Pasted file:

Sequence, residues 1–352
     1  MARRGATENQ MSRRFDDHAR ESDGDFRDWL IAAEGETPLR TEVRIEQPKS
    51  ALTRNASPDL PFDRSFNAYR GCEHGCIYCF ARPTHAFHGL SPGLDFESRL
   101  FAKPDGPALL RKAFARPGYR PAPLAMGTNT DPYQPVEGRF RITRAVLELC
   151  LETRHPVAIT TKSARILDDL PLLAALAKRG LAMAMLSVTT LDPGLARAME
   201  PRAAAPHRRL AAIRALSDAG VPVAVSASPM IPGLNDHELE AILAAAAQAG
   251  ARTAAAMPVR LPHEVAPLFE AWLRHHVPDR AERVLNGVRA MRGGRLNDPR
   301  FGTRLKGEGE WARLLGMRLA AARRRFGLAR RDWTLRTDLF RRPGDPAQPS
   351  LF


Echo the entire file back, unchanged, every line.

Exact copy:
Sequence, residues 1–352
     1  MARRGATENQ MSRRFDDHAR ESDGDFRDWL IAAEGETPLR TEVRIEQPKS
    51  ALTRNASPDL PFDRSFNAYR GCEHGCIYCF ARPTHAFHGL SPGLDFESRL
   101  FAKPDGPALL RKAFARPGYR PAPLAMGTNT DPYQPVEGRF RITRAVLELC
   151  LETRHPVAIT TKSARILDDL PLLAALAKRG LAMAMLSVTT LDPGLARAME
   201  PRAAAPHRRL AAIRALSDAG VPVAVSASPM IPGLNDHELE AILAAAAQAG
   251  ARTAAAMPVR LPHEVAPLFE AWLRHHVPDR AERVLNGVRA MRGGRLNDPR
   301  FGTRLKGEGE WARLLGMRLA AARRRFGLAR RDWTLRTDLF RRPGDPAQPS
   351  LF